Drug resistance in ovarian cancer - the role of p53

R Petty, A Evans, I Duncan, C Kurbacher, I Cree, Russell David Petty

Research output: Contribution to journalArticle

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Abstract

The aims were to determine the importance of p53 and bcl-2 expression on the response to chemotherapy with alkylating agents in patients with ovarian cancer. We have followed the response to chemotherapy in a series of 59 patients with ovarian adenocarcinoma designated as p53 and bcl-2 positive or negative by immunocytochemistry. Of these cases, 50 received either cisplatin + treosulfan or treosulfan alone. Immunocytochemistry for p53 was positive in 28/59 tumors. Patients were grouped according to their response to chemotherapy (stable or progressive disease) assessed at 6, 12, and 18 months. There was increasing divergence of p53+ and p53- tumors over time. Of those which were p53+, 25% showed progression at 6 months, 80% at 12 months and 89% progression at 18 months. In contrast, 23%, 50%, and 67% of p53- tumors showed progression at 6, 12 and 18 months respectively. For bcl-2, in 23/55 positive tumors there was progression in 35%, 78% and 94% compared with 25%, 57% and 59% in bcl-2 negative tumors at 6,12 and 18 months respectively. Those tumors which were bcl-2 and p53 negative were most likely to progress, while those which were bcl-2 and p53 positive had the best prognosis. These differences did not translate into increased overall survival with minimum follow-up of 12 months. This data lends support to our suggestion that despite initially increased susceptibility to alkylating agents, enhanced genomic instability due to p53 inactivation may render tumors more likely to develop resistance to chemotherapy over time. This effect may be altered by bcl-2 function, lack of which will lead to a good response to chemotherapy as the tumor's ability to undergo apoptosis will not be compromised.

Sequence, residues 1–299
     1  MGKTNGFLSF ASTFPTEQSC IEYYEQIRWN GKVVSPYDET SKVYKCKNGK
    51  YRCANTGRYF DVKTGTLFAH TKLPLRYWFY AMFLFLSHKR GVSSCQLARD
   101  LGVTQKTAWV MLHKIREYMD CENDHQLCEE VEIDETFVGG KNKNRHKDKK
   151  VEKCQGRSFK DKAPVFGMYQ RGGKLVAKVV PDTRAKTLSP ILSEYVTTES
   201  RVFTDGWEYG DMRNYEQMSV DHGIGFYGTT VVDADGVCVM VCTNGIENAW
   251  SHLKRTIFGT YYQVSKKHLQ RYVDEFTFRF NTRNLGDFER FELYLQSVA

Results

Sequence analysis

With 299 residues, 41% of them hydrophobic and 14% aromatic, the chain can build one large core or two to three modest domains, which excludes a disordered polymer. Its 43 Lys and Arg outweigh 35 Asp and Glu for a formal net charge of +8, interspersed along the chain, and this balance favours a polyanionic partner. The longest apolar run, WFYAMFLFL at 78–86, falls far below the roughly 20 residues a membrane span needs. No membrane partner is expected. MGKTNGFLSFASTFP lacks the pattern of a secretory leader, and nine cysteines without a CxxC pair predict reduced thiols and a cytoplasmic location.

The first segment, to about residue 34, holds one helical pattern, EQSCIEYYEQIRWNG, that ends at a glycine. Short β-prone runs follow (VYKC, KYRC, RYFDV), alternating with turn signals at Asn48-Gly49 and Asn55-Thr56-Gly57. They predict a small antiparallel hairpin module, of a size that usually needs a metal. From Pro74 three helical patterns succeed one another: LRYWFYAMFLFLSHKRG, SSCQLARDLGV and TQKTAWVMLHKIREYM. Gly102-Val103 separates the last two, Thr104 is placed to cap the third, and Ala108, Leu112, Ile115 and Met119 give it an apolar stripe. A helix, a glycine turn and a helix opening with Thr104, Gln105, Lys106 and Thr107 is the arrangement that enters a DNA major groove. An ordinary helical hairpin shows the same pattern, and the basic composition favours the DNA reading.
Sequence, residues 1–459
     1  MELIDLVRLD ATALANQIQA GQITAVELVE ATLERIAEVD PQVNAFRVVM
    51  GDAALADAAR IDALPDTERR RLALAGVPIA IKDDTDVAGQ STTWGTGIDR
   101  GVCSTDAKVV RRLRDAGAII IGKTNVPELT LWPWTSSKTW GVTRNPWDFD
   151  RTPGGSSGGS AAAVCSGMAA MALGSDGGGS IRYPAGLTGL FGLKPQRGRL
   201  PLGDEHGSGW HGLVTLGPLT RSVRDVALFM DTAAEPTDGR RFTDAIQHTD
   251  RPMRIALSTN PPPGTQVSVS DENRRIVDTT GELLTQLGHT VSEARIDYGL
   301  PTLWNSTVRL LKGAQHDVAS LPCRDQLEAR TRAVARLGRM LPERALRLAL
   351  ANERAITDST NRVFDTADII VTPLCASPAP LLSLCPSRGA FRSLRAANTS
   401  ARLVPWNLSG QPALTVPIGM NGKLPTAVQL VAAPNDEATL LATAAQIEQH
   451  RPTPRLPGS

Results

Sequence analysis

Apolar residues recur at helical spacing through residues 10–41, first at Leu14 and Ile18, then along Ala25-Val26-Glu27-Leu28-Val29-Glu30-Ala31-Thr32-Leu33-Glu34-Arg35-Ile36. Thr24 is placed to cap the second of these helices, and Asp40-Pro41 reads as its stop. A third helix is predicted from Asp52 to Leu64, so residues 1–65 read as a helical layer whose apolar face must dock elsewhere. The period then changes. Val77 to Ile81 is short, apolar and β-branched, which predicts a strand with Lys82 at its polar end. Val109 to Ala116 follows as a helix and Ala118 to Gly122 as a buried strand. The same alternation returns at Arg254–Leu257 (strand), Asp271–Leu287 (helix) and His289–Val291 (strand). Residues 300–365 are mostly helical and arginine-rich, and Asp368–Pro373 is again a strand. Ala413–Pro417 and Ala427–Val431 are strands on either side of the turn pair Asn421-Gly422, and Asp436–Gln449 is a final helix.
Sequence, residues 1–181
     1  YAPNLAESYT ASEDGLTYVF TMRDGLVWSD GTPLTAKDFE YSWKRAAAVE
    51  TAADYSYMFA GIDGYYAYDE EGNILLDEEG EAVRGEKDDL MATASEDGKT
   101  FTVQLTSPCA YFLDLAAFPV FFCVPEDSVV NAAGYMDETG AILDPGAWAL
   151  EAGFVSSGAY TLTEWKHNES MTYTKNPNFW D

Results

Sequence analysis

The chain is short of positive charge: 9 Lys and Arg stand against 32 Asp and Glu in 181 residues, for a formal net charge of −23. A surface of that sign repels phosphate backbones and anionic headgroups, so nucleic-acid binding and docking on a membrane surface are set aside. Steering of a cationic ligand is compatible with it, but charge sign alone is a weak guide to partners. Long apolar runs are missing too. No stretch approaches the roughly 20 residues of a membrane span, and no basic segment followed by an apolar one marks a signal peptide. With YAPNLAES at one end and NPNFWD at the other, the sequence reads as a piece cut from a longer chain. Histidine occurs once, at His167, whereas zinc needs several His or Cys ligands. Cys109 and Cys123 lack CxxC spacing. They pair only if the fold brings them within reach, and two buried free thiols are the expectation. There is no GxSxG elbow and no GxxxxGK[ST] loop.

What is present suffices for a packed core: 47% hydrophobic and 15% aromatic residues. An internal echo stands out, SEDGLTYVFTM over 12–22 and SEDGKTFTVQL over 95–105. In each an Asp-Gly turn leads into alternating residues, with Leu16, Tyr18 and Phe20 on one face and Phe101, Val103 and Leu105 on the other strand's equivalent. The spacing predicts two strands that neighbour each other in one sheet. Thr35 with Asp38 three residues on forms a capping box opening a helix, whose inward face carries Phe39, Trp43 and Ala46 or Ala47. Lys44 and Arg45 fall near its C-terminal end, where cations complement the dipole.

Original languageEnglish
Pages (from-to)97-102
Number of pages6
JournalPathology Oncology Research
Volume4
Issue number2
Publication statusPublished - 1998

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Drug Resistance
Ovarian Neoplasms
treosulfan
Neoplasms
Drug Therapy
Alkylating Agents
Immunohistochemistry
Genomic Instability
Cisplatin
Adenocarcinoma
Apoptosis
Survival

Keywords

  • Adenocarcinoma
  • Adult
  • Aged
  • Aged, 80 and over
  • Antineoplastic Agents, Alkylating
  • Antineoplastic Combined Chemotherapy Protocols
  • Apoptosis
  • Busulfan
  • Cisplatin
  • Disease-Free Survival
  • Drug Resistance, Multiple
  • Female
  • Humans
  • Middle Aged
  • Neoplasm Staging
  • Ovarian Neoplasms
  • Prognosis
  • Proto-Oncogene Proteins c-bcl-2
  • Retrospective Studies
  • Survival Rate
  • Tumor Suppressor Protein p53

Cite this

Petty, R., Evans, A., Duncan, I., Kurbacher, C., Cree, I., & Petty, R. D. (1998). Drug resistance in ovarian cancer - the role of p53. Pathology Oncology Research, 4(2), 97-102.

Drug resistance in ovarian cancer - the role of p53. / Petty, R; Evans, A; Duncan, I; Kurbacher, C; Cree, I; Petty, Russell David.